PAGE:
Asked about the United States’ efforts to promote investments in Greece, Pyatt emphasized that while there were specific investments he could cite, “I want to emphasize how much the atmosphere has changed,” during his tenure. He noted that when he was first appointed he organized a round table discussion on investing in Greece, invitations to which no companies accepted. Last year’s USA Pavilion at the Thessaloniki International Fair, however, was a resounding success, with numerous American firms eager to participate.
Pyatt emphasized the progress and importance of the Greek start-up and energy sectors, and the deepening and broadening of the tri-partite friendship between Greece, Cyprus, and Israel, about which the presence of “an Israeli cabinet member here last night is an important signifier.”
DIASPORA CHALLENGES AND OPPORTUNITIES
The panel titled Mobilizing Diaspora to Promote Homeland was moderated by Washington, DC attorney Emanuel Rouvelas and featured presentations and a Q&A which followed that included Jimmy Athanasatos, Chairman of Envolve Entrepreneurship, Greece, Peter Poulos, Executive Director of The Hellenic Initiative (THI), Mike Manatos, president of the Washington, DC lobbying firm of Manatos & Manatos, Effie Kyrtata, CEO and Co-Founder of Reload Greece, Nicholas Pappas, chairman of the Bank of Sydney and president of THI Australia, and Rhode Island State Senator Leonidas (Lou) Raptakis.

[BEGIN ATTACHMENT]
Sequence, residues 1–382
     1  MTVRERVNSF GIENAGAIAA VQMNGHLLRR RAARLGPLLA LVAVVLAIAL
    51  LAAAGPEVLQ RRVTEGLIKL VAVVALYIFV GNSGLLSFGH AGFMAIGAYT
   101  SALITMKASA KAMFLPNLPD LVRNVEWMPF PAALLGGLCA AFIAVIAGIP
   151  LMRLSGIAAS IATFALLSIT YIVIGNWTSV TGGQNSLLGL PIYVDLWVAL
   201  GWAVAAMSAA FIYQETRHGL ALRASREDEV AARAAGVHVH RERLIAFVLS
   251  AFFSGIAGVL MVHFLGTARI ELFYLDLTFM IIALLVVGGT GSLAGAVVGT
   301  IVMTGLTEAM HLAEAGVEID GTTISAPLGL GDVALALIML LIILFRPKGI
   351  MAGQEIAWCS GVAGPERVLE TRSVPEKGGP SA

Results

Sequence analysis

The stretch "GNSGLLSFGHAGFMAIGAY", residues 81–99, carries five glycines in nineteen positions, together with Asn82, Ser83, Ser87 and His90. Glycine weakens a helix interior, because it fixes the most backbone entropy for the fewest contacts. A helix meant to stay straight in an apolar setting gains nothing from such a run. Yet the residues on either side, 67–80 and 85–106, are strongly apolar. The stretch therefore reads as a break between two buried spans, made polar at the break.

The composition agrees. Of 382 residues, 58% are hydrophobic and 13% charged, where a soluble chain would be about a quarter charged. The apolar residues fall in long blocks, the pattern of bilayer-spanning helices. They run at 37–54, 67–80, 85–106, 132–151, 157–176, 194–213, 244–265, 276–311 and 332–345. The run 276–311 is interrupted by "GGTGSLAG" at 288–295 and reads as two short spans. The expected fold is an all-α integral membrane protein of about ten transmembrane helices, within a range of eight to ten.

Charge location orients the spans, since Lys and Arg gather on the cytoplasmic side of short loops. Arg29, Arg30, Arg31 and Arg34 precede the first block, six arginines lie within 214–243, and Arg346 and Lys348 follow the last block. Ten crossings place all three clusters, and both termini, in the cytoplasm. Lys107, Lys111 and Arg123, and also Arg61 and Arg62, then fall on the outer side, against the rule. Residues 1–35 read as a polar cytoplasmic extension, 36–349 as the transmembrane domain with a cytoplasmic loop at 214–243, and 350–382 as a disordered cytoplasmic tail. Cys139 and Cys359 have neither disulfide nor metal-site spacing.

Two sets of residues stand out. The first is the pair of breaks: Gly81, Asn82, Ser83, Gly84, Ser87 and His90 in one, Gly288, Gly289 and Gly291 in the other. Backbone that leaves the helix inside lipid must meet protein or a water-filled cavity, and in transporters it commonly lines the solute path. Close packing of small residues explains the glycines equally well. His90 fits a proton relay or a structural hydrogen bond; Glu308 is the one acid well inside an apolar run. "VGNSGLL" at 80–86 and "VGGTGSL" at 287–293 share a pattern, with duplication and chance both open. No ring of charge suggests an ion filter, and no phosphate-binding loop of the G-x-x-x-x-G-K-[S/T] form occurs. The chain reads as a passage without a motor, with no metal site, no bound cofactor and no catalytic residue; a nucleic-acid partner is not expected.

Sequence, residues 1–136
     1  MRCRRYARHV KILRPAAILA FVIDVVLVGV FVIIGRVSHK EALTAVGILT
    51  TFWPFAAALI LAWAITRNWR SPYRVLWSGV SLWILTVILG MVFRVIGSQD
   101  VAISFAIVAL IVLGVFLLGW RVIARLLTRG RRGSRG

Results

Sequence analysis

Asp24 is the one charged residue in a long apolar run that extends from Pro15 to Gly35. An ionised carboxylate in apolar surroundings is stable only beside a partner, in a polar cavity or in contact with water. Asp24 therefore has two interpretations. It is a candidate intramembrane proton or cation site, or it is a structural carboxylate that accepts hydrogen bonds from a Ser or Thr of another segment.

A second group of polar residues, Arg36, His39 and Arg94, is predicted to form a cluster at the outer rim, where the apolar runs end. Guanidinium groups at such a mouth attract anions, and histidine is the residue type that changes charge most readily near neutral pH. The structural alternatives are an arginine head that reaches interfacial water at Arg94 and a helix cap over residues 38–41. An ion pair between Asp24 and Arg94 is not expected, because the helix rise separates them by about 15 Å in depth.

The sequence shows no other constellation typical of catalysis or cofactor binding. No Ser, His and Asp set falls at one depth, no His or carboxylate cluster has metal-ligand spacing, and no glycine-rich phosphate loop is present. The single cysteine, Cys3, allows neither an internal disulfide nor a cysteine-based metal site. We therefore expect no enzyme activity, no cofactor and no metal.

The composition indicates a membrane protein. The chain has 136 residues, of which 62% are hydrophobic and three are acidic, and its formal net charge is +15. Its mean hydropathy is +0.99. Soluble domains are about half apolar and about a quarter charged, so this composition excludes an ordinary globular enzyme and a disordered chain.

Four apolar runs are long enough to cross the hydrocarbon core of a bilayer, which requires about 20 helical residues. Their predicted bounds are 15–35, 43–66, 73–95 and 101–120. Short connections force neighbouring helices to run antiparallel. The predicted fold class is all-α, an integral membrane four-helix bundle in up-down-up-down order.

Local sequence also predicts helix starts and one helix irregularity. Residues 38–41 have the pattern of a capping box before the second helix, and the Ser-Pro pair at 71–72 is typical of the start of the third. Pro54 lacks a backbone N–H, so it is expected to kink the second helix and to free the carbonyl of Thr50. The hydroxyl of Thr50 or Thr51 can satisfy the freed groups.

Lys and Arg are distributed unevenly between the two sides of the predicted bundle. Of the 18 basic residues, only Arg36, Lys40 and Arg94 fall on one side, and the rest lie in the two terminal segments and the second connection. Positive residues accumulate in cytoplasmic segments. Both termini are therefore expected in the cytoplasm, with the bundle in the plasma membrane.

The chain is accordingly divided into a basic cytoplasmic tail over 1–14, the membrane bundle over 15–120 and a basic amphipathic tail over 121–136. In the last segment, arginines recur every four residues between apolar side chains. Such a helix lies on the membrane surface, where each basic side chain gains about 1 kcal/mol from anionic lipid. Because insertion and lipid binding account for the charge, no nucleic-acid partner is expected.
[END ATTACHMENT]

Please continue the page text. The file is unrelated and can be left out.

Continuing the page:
Each panelist provided a brief overview of their organization’s efforts to better link the Hellenic Diaspora and Greece – some, like Manatos, offered their perspective on the challenges and opportunities, concerns and hopes for the Diaspora communities themselves and for their ties to the homeland that were informative for participants from Greece.
Emphasis was placed on what has been and what more can be done to promote investment in Greece – especially in support of young entrepreneurs – and to strengthen ties between Greece and the countries they live in.
Raptakis highlighted recent progress the Greek-American community is making in getting Hellenes elected to public office and the increase that has followed in its impact on non-Greek policymakers regarding Greece, Cyprus, and the Orthodox Church and the Ecumenical Patriarchate.
PM TSIPRAS AND ND PRESIDENT MITSOTAKIS TO ADDRESS FORUM
Participants in the well-thought out and well-run conference – guests were impressed events were starting and ending on time – were looking forward to that afternoon’s presentation by Kyriakos Mitsotakis, leader of the official opposition New Democracy Party. Prime Minister Alexis Tsipras will also address the Forum Friday evening.
The Delphi Economic Forum, which gathered 500 speakers from 24 countries addressing 95 different thematic subjects, 2,500 participants and more than 150 journalists to its 4th annual conference, is a nonprofit, nonpartisan organization working in close cooperation with civil society, public organizations, businesses and individuals. It engages business, political, academic, and other top experts in an effort to address emerging challenges, influence the national and regional agendas and promote sustainable and socially responsible growth policies for Greece, Europe and the wider Eastern Mediterranean region.